What happened

Shares of Idera Pharmaceuticals, Inc. (NASDAQ:IDRA), a clinical-stage biotech developing nucleic-acid-based cancer therapies, continued its weeklong slide after the company reported first-quarter earnings. As of 3 p.m. EDT, the stock had fallen about 11% during Friday's session to bring its losses for the week to 20.9%.

So what

Without a product to sell yet, there isn't much in the company's financial performance to upset investors. A loss of $15.2 million in the first quarter was a bit higher than the previous-year period, but $91.3 million in cash and equivalents on the balance sheet at the end of March should be enough to fund development of several new drug candidates in clinical trials at the moment.

Frustrated investor looking at downward-sloping stock charts

Image source: Getty Images.

While Idera Pharmaceuticals' financials might be fine, investors weren't too thrilled with updated timelines for candidates in early to midstage clinical development. The company's former lead candidate, IMO-8400, was slated for trials in several indications, but this program has been slimmed down to one phase 2 study for the treatment of dermatomyositis. Although the study began in 2015, the company plans to complete enrolling all 36 patients by the end of 2017.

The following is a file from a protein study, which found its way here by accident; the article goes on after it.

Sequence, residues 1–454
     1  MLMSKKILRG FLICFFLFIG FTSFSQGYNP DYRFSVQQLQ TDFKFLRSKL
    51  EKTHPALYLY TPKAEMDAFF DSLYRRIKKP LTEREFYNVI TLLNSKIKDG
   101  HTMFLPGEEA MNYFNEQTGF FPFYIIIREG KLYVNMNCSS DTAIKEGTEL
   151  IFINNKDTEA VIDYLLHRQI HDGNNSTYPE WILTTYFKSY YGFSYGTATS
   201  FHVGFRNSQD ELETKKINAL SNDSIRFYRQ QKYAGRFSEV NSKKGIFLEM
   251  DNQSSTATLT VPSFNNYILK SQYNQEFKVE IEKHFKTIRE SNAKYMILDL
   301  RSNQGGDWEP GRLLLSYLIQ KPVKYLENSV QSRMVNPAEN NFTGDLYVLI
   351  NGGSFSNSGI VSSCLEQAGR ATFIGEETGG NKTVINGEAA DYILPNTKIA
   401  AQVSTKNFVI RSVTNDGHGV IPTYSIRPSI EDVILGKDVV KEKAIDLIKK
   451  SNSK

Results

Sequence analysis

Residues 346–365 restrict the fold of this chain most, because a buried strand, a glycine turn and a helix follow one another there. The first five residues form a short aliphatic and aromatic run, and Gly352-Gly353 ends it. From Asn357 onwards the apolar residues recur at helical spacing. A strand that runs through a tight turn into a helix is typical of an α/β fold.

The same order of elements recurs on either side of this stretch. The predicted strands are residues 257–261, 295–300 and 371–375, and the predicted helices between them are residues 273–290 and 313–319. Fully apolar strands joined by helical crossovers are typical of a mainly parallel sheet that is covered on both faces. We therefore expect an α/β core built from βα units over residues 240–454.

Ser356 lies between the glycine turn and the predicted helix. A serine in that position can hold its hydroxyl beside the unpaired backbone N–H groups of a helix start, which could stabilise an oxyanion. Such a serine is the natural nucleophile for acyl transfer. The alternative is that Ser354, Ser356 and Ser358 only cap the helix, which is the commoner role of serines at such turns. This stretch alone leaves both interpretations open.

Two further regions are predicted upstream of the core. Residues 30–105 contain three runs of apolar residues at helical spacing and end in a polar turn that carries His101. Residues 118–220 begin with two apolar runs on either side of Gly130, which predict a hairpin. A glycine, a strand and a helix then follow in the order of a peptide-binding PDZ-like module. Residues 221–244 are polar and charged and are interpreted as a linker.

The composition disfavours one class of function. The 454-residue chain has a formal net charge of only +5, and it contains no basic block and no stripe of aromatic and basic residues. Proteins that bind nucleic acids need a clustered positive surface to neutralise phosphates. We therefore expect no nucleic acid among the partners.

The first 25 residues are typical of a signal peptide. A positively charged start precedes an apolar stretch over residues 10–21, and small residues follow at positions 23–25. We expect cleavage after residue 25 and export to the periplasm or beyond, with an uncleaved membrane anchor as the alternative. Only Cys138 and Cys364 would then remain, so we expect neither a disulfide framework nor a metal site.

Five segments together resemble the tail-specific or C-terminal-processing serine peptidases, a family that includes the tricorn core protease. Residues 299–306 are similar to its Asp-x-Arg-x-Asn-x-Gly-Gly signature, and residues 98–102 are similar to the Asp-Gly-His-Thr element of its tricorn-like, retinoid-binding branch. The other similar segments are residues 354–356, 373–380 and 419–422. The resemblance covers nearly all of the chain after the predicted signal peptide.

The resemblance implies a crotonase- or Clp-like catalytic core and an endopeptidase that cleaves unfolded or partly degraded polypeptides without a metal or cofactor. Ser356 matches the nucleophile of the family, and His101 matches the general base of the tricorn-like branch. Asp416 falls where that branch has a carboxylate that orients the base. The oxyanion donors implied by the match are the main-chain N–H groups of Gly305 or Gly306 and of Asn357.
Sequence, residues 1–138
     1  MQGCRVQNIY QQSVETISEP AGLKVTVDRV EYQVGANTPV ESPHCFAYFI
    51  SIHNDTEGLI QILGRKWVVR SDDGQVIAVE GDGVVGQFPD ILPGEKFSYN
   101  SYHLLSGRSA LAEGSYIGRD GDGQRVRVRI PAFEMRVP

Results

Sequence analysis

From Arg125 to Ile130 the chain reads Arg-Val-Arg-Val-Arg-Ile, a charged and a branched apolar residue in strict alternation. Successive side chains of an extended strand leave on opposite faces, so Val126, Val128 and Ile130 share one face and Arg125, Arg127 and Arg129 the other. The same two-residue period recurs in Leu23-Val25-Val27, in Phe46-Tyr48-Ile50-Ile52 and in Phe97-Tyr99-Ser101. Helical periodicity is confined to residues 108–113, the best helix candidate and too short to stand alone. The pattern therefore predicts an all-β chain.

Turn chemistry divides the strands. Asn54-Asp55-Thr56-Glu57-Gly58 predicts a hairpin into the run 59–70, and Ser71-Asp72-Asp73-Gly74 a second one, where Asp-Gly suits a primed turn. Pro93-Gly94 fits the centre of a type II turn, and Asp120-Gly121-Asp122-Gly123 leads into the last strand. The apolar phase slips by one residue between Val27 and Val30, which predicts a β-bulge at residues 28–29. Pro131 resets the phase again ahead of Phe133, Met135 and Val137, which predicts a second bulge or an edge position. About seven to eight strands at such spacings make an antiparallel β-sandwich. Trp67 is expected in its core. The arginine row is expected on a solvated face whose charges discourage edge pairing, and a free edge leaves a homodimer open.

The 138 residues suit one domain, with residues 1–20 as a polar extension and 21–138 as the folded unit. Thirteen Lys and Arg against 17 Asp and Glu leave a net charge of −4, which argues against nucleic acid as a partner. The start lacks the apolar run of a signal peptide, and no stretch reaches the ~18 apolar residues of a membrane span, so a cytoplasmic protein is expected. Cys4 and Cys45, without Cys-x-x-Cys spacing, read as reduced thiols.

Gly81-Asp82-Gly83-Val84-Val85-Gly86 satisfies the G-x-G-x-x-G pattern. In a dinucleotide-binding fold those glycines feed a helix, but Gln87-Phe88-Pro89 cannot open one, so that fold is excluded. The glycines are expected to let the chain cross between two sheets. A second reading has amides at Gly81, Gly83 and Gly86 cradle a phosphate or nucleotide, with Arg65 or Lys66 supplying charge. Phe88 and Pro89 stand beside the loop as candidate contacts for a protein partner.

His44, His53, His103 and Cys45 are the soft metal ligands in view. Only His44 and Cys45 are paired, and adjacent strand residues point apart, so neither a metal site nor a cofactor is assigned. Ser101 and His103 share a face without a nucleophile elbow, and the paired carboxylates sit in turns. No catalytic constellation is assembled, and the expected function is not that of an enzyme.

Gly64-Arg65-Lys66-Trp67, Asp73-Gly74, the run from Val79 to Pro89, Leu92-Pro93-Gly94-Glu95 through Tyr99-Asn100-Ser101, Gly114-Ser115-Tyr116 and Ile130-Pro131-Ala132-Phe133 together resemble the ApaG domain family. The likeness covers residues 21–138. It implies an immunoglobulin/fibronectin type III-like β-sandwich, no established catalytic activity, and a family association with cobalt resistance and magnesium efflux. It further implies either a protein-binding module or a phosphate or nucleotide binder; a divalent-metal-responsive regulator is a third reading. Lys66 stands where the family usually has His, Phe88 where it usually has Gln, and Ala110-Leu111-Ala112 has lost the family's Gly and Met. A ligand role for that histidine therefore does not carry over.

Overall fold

Now what

Idera has more or less placed IMO-8400 on the back burner to focus its limited resources on its new lead candidate, IMO-2125, for the treatment of a relatively new cross-section of melanoma patients. Last September, the stock soared after a positive company announcement: Three out of 10 patients with advanced melanoma that recurred after treatment with PD-1 checkpoint inhibitors showed a response after treatment with IMO-2125 in combination with Yervoy from Bristol-Myers Squibb.

The PD-1 checkpoint inhibitors are powerful new tools in oncologists' arsenals, but relapses do occur. To see any patients so heavily pretreated show a response is encouraging. Idera sprinkled more good news on the IMO-2125 program by noting even the highest dose tested appeared well tolerated when given in combination with Bristol's Yervoy, a drug with well-known tolerability issues.

Idera has started discussing the regulatory path forward for its lead candidate (in combination with Yervoy) with the U.S. Food and Drug Administration, but don't hold your breath. So far only 9 of 21 patients have been enrolled in the phase 2 portion, and the company doesn't expect to have data until the first quarter of 2018.

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